Stuff he probably didn’t learn at the police academy. Matt Cory and Audrey Zimmerman of the Forum News Service report, “The City Council of Blackduck voted to fire Chief of Police John Wilkinson earlier this month for violating city and state policies and for conduct unbecoming of a law officer. … According to city documents, Wilkinson, 35, was fired for violating city policies, as well as for possibly violating state laws by allegedly giving an 18-year-old female an alcoholic drink at a July 4, 2015, party, and at a different time, boasting loudly of a sexual relationship between the two. He also purchased illegal fireworks for the July 4 party, according to an investigation done by a member of the Grand Rapids Police Department.” So, wait, it was it the fireworks that did him in?

Comments (5)

  1. Submitted by Pat Terry on 06/16/2016 - 09:51 am.


    Buying out Silva will be money well spent for SPPS.

    • Submitted by James Hamilton on 06/16/2016 - 12:22 pm.

      If the new board members want her out that badly

      let them pay for the buyout.

      • Submitted by Pat Terry on 06/16/2016 - 12:49 pm.

        board members

        I’d like to see board members pay the buyout, but not the current board members. Rather, the board members (since removed from office) who pushed through an extension last year. They should pay for it.

        SPPS is going to be paying out big settlements to the teachers who have been assaulted on the job. The cost of the buyout will by miniscule compared to the savings if we can get a replacement with a disciplinary policy that can stop the violence Silva’s policies have generated.

        This isn’t about board members’ preferences. This is about the safety of teachers and students. As a parent of a current student, it is imperative to me that Silva be replaced as soon as possible.

        • Submitted by James Hamilton on 06/16/2016 - 01:38 pm.

          Blaming Silva?

          I don’t like Silva. Never have. But blaming her for the violence committed by students at St. Paul schools is ludicrous.

          Since I know you disagree, perhaps you’ll detail your reasoning for the statement that her policies have generated this violence. The burden’s on you. Can you meet it?

          • Submitted by Pat Terry on 06/16/2016 - 02:20 pm.

            I’ll try

            First, my perspective comes, in part, but not exclusively, from having a child at St. Paul Central, which has been at the heart of a lot of trouble in recent years. I get a daily report (granted, from a teenager, but a pretty astute one) as to what has been going at school.

            The kids suspended and expelled in St. Paul schools have disproportionately been students of color. Silva has tried to change that, which is a noble goal.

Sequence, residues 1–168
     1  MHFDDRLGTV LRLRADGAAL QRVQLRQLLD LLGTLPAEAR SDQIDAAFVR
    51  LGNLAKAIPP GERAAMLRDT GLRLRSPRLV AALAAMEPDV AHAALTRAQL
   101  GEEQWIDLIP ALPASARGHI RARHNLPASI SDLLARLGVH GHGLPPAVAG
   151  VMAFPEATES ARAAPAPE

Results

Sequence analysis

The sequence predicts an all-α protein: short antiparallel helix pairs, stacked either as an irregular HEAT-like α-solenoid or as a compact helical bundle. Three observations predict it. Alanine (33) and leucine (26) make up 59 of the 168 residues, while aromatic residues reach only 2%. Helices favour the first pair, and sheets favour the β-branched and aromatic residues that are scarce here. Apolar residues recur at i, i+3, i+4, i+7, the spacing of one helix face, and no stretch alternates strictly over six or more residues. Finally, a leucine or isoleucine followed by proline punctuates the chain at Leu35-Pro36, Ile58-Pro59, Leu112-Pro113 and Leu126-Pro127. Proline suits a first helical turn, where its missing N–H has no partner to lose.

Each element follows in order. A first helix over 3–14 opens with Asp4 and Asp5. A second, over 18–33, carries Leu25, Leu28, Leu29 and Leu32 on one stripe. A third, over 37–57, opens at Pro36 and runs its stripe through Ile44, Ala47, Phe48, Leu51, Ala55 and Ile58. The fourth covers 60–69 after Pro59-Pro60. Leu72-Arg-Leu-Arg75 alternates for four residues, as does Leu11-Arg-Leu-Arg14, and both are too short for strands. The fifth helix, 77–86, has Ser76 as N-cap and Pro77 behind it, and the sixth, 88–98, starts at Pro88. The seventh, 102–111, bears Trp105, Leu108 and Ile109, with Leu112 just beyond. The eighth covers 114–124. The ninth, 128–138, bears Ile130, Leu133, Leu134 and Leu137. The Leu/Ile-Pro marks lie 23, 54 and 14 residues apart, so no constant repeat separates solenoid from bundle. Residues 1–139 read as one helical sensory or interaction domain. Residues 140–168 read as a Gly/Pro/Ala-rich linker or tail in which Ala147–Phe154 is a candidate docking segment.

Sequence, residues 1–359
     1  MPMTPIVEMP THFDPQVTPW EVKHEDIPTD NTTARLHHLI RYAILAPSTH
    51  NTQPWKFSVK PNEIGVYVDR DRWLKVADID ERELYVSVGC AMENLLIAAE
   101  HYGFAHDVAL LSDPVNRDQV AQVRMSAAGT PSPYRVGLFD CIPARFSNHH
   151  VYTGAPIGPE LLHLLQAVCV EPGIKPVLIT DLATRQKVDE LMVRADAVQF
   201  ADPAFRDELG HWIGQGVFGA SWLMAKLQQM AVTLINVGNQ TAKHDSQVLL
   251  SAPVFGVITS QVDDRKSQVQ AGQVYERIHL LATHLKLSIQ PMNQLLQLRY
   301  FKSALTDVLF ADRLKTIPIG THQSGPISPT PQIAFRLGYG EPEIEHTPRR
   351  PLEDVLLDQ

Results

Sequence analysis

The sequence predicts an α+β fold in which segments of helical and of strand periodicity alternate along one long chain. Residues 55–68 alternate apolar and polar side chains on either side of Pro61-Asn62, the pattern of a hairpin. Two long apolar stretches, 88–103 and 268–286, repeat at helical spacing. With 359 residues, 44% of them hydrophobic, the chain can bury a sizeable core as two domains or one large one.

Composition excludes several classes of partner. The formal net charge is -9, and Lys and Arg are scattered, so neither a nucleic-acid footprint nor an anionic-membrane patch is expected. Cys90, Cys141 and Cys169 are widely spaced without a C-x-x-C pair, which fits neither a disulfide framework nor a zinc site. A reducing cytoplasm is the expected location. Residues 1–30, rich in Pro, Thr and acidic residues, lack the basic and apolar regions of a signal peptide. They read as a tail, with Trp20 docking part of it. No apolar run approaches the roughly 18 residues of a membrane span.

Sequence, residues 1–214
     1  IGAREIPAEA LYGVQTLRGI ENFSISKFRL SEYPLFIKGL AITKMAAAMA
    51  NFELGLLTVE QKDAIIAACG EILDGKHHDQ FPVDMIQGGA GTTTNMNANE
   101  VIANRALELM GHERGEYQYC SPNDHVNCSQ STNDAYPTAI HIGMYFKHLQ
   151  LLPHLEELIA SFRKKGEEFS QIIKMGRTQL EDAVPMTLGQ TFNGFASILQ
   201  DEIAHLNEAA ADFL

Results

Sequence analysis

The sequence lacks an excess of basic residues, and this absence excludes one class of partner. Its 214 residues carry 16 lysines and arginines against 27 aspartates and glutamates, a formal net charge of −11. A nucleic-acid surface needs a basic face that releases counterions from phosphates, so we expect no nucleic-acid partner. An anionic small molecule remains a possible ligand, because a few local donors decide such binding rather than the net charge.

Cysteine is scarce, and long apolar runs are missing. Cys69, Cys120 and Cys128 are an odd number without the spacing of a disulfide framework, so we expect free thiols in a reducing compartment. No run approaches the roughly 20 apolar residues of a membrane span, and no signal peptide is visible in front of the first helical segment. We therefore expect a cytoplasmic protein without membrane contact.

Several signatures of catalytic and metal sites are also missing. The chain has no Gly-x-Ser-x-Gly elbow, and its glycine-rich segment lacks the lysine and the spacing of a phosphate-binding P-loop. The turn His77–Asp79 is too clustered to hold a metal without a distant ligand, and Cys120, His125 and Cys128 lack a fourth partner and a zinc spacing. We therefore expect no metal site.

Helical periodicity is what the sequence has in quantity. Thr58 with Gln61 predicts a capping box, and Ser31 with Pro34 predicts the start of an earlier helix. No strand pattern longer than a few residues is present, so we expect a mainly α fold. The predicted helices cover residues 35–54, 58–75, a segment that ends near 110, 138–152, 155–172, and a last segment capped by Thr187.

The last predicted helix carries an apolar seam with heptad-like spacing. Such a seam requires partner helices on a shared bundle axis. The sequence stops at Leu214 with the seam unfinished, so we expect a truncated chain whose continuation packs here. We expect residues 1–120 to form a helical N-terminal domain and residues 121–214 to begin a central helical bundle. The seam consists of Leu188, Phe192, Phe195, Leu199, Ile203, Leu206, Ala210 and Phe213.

The problem is that the way that this has been addressed is by not disciplining kids who engage in disruptive and violent behavior. The result of this has been to send a message to the kids causing trouble that there will not be consequences for their actions. Not surprisingly, the behavior has gotten worse. My child has reported (this goes back a few years to Junior high) that where disruptive kids were once removed from class, they are now taken out for a few minutes and then returned so class where they are again disruptive, day after day. Teachers have been disempowered to control their classes and learning grinds to a halt in an attempt to just keep order. Even when the behavior rises to physical contact with teachers or staff, the discipline is minor or nonexistent. It takes serious violence to actually generate any consequences.

            Would the life-altering injuries sustained by the assaulted teacher at Central have occurred with a superintendent who held students responsible for their actions? Who knows. But Silva has created an atmosphere where disruption of class and disrespect of teachers is tolerated. Schools are out of control, and its due to a policy coming from the top. I have no problem connecting the dots between this policy and the serious violence that has occurred.

            The teacher’s union was behind the successful push to replace the school board that re-appointed Silva. But as demonstrated by the later strike threat, it wasn’t about their pay or benefits or seniority. Rather, it was about their safety and the safety of their students. That’s why Silva needs to go. She has created an atmosphere where her employees are willing to strike because they do not feel safe on the job. Its a poisonous atmosphere, and it needs to end as soon as possible.

Leave a Reply